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Google's Rick Santorum Problem

Rick Santorum has a Google problem, and everybody knows about it -- mostly because Rick Santorum won't stop talking about it. Last week, Politico reported that Santorum had contacted Google and asked them to do something about "spreadingsantorum.com," the (hugely successful) revenge prank pulled by columnist Dan Savage after Santorum publicly compared homosexuality to bestiality.

After Google declined to manipulate their search results, Santorum said:

“If you're a responsible business, you don't let things like that happen in your business that have an impact on the country. [...] To have a business allow that type of filth to be purveyed through their website or through their system is something that they say they can't handle but I suspect that's not true.”

Santorum may regret giving Politico that quote, which reveals that the presidential hopeful is not entirely sure what Google is (a website? a system?) and how search engine algorithms work. As Noam Cohen at The New York Times says:

"The immediate reaction to Mr. Santorum’s statement has largely been, 'How quaint. He thinks he can get Google to fix the Internet for him if he asks?' Mr. Santorum could have hurt his cause more only if he had told the company’s officials to roll up their sleeves and put a plug in the tubes carrying the offensive material. "

Yet Cohen and many others -- like Politico's Ben Smith -- think that Santorum has a point. Cohen argues:

"Google’s defense — that the behavior of its ever-improving algorithm should be considered independent of the results it produces in a particular controversial case — has a particularly patronizing air, especially when it comes to hurting living, breathing people."

The Santorum/Savage melee would be little more than a titillating sidebar to Santorum's presidential campaign were it not for the fact that Google is now defending itself in Washington against government officials, politicians, and competitors who say the tech giant is  unfairly manipulating its search results to promote its own products.

For a service that the majority of Internet users choose to enjoy, Google Search is currently the target of a surprising amount of criticism---from both the left and the right.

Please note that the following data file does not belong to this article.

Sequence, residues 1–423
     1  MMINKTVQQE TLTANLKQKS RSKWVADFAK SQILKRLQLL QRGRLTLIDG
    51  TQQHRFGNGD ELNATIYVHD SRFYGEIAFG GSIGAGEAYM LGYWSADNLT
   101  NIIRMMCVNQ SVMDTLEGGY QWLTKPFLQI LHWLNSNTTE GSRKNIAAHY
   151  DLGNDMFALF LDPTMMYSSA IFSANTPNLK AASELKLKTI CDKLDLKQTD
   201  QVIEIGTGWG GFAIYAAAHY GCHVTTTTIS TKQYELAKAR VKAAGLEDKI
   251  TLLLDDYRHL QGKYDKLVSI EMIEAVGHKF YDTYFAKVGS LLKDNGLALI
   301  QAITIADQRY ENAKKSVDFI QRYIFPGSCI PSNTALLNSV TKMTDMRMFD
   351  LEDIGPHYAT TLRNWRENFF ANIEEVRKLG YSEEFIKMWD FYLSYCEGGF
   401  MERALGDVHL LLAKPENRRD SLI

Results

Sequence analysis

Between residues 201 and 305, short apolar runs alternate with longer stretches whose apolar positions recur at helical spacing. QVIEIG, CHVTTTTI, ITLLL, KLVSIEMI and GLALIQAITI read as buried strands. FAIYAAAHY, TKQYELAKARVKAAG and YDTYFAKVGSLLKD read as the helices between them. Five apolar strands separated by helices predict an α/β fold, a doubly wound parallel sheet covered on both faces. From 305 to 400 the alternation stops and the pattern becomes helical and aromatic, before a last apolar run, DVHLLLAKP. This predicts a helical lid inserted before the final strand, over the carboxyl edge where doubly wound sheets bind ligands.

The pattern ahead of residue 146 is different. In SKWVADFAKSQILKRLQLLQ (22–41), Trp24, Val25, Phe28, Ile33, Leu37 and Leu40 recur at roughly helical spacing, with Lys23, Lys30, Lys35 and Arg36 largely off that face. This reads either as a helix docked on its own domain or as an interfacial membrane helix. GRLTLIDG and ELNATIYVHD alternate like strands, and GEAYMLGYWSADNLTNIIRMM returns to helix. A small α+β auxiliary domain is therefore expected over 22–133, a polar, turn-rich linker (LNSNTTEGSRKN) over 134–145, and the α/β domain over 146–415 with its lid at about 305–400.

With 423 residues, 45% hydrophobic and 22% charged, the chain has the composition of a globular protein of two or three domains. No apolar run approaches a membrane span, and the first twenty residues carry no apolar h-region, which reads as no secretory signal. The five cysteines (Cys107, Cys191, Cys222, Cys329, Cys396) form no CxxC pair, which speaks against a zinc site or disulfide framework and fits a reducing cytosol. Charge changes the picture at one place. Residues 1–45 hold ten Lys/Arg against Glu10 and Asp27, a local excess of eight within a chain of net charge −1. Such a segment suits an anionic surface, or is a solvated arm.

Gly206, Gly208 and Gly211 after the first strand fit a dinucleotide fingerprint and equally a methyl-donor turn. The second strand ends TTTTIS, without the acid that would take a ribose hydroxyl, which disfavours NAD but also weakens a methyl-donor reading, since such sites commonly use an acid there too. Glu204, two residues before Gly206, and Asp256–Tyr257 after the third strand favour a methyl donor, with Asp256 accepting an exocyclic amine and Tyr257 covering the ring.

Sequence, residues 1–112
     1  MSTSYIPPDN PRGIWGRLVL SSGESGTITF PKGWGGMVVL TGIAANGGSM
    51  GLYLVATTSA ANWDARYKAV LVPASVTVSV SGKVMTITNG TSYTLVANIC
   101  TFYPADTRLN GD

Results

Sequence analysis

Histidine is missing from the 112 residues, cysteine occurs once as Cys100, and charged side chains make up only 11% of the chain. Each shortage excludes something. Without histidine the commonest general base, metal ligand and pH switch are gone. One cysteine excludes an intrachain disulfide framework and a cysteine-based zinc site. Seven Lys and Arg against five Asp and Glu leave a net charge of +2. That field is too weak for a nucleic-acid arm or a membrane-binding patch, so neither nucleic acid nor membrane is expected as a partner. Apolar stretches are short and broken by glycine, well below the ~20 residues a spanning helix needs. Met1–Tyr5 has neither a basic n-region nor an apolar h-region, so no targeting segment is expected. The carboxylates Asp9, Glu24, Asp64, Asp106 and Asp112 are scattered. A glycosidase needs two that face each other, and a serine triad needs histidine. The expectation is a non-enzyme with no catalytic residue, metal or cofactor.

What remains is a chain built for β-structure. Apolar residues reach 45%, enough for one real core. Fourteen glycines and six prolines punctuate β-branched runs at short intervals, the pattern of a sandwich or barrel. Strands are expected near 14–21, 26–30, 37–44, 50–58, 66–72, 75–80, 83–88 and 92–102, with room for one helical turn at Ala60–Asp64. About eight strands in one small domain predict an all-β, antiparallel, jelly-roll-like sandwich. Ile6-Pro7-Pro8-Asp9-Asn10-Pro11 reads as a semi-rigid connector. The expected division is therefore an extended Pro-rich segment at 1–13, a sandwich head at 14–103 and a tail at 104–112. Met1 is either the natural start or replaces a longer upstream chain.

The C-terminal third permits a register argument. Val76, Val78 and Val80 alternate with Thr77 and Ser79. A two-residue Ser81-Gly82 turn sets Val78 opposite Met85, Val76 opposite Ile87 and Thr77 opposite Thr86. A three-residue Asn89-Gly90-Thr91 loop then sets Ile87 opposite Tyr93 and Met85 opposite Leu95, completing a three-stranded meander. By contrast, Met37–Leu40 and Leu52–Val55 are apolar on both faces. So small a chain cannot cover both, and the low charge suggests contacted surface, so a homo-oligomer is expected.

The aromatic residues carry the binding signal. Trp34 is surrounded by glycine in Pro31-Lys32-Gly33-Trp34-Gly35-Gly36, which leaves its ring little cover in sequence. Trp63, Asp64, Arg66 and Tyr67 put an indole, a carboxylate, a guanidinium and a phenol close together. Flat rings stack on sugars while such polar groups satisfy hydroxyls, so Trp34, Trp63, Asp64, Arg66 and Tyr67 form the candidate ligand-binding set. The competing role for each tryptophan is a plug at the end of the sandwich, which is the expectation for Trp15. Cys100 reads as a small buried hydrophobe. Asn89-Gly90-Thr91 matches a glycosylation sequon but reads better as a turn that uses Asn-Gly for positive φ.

At a briefing today at The Heritage Foundation, Google spokesman Adam Kovacevich reminded a roomful of conservative and libertarian bloggers how Google's search engine algorithm has evolved over the last ten years. On September 11, 2001, a Google search for "World Trade Center" ranked results in the same order it had the day before. Nearly a decade later, when Osama bin Laden was killed, a Google Search for "bid Laden" resulted in Google News results and real-time results that immediately informed users about the day's events.

And the search engine is continuing to improve its algorithm. In 2010, Google tested 13,000 algorithm changes and implemented 500. Like Bing and Yahoo, they use human raters and user satisfaction signals to test changes.

Rick Santorum is an unlucky man: It turns out that the number of Internet users who think Dan Savage is funny may simply be greater (or more active) than the number who wish to learn more about the former senator's presidential campaign. According to The Huffington Post, Savage's site has thousands more inbound links than the former senator's official website.

But that's not really Google's fault. (Nor is it the fault of Bing or Yahoo, both of whom list Savage's prank-site in top results. )

When one considers the day-by-day process through which Google engineers slowly improve Google Search to better suit massive consumer demand, Rick Santorum's suggestion that Google simply cross off an unseemly Google result at the top of their results for "santorum" seems -- quite frankly -- ridiculous.

Equally ridiculous is the idea that legislators and regulators in Washington are in any way qualified or in any way needed to oversee this complex process and make command decisions about how Google's search results should appear.